Sculpting stillness in Alibag

A visit to the museum of Indian sculptor Vinayak Pandurang Karmarkar can be a surreal experience. Located in a sleepy, narrow lane of Alibag, a coastal town south of Mumbai, this permanent museum showcases sculptures of famous and common people, in different moods and garbs. The first floor of Karmarkar’s house has been converted into the museum, called Karmarkar Shilpalaya. The property was deserted, except for an old caretaker woman who led us into the museum.

The property’s lawns greeted us with some of Karmarkar’s works draped in plastic sheets because of the heavy monsoon. As we climbed up the stairs, we walked into a corridor lined with more than a dozen sculptures. The corridor led to a large, sunny hall housing the full collection. We spotted Mahatma Gandhi, Lokmanya Tilak, PC Ray, CR Das, Chatrapati Shivaji, and many members of the Karmarkar’s clan, including the artist’s “self-sculpture”.

The museum was shrouded in stillness, accentuated by the overall serenity of Alibag, a popular weekend getaway for Mumbai’s residents. Despite the ambient stillness, the sculptures evoked a living quality, and perhaps that is where lies Karmarkar’s mastery over the form of sculpture.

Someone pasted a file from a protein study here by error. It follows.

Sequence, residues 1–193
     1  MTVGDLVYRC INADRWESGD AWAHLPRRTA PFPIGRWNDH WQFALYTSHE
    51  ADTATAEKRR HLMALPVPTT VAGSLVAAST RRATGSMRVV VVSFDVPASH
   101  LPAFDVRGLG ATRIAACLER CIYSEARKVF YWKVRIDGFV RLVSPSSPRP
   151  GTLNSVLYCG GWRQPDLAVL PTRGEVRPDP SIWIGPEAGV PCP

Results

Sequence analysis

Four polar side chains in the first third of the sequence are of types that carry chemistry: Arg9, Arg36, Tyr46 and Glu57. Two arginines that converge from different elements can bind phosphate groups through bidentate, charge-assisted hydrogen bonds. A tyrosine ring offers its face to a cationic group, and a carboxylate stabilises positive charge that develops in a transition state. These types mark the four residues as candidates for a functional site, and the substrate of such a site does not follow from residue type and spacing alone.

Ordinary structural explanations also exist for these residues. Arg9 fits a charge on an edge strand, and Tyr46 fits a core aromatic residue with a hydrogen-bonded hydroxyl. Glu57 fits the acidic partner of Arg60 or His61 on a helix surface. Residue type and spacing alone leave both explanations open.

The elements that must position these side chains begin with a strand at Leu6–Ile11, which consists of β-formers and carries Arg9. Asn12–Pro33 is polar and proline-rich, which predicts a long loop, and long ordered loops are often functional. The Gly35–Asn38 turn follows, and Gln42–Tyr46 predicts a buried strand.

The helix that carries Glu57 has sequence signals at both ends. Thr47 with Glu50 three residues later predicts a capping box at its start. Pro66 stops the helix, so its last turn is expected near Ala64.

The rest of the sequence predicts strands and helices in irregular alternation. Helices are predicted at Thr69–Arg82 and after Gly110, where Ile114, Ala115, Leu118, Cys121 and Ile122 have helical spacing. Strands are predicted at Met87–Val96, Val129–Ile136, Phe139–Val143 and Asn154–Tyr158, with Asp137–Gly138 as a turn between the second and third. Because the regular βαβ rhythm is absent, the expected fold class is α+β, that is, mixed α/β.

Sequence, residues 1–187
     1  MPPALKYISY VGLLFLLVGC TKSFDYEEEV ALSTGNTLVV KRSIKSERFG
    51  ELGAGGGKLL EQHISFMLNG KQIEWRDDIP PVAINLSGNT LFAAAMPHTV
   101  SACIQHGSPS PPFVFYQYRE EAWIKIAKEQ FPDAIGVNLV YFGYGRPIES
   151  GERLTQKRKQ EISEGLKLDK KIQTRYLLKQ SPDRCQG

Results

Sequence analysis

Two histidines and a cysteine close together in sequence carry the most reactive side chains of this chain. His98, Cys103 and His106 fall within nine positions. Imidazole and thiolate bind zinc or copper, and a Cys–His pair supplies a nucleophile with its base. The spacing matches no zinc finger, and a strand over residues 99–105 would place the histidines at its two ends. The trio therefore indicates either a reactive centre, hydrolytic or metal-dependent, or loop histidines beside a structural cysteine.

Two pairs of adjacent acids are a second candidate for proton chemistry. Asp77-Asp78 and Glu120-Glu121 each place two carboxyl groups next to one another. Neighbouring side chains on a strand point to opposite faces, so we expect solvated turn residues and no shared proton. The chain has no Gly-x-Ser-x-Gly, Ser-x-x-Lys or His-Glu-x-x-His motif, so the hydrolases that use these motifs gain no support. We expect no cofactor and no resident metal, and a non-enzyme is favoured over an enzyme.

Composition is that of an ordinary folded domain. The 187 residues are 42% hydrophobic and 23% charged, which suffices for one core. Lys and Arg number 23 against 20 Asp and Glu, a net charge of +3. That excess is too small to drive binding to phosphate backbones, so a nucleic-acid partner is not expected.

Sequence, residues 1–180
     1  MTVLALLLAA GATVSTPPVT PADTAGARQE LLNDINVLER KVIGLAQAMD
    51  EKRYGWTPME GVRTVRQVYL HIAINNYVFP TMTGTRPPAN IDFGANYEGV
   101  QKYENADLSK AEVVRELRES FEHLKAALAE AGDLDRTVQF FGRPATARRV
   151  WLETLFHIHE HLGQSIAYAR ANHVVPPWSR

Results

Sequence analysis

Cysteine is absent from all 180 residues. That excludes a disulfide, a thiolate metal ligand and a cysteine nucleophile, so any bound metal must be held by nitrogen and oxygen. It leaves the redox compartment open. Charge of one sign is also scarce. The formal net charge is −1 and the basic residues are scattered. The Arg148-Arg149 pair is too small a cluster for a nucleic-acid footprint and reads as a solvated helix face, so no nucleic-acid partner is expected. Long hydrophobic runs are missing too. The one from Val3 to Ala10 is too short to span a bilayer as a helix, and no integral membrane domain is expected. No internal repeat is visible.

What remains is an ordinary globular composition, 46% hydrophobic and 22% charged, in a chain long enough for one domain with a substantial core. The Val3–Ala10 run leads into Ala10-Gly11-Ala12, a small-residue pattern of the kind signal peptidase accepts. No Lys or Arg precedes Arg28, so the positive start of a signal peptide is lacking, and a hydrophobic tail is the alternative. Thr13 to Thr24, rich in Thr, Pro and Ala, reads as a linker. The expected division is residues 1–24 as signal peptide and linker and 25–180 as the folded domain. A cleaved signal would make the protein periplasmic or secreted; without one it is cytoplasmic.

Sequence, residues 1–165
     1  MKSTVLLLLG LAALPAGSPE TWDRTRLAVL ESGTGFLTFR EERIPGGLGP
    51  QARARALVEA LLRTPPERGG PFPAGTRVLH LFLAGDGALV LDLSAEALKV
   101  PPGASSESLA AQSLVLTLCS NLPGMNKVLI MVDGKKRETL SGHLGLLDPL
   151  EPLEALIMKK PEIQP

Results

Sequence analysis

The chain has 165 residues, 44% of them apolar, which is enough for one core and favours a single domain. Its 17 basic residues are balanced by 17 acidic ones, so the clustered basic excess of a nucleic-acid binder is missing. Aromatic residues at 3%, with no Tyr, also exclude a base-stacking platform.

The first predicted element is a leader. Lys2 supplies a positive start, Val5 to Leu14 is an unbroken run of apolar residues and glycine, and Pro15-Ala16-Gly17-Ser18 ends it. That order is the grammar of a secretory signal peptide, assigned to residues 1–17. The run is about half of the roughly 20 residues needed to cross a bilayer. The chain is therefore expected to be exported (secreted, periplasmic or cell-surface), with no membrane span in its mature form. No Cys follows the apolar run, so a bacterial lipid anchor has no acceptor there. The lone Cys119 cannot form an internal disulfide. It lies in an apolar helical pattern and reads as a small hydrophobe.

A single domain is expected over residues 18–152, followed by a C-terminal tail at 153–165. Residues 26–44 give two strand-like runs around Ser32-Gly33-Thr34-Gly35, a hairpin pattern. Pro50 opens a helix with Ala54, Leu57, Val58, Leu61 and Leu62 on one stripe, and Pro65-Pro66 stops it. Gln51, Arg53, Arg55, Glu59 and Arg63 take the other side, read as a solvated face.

In 1964, the Alibag-born artist received the Padma Shri, one of India’s highest civilian honours awarded by the central government. The award citation recognised him as one of India’s outstanding sculptors, whose repertoire includes a 14-feet high bronze statue of Shivaji in Pune.

A student of the Bombay School of Art and the Royal Academy of Art in London, Karmarkar toured Europe to study ancient and modern Western art, the citation added. His sculptures have been acquired by private collectors in England, Germany and the U.S. He died in 1967.

Despite being a well-known artist, there are only a handful independent blogs about his art. A Wikipedia entry has a brief bio-data, there are no news articles either. Like its obscure location, the museum has been reduced to a tourist spot on Alibag’s map.

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Published by

Ankush Arora

Art critic, Mumbai.

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